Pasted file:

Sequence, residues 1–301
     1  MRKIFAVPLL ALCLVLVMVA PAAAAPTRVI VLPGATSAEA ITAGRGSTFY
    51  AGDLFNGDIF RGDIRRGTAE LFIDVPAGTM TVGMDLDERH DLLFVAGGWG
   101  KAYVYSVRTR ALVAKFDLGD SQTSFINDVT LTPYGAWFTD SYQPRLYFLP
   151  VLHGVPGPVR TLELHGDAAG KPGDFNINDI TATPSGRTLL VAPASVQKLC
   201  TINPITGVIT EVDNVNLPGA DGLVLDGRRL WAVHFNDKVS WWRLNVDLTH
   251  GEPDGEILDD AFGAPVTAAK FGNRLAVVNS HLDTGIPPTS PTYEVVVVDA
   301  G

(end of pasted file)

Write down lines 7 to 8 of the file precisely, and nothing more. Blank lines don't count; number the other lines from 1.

   251  GEPDGEILDD AFGAPVTAAK FGNRLAVVNS HLDTGIPPTS PTYEVVVVDA
   301  G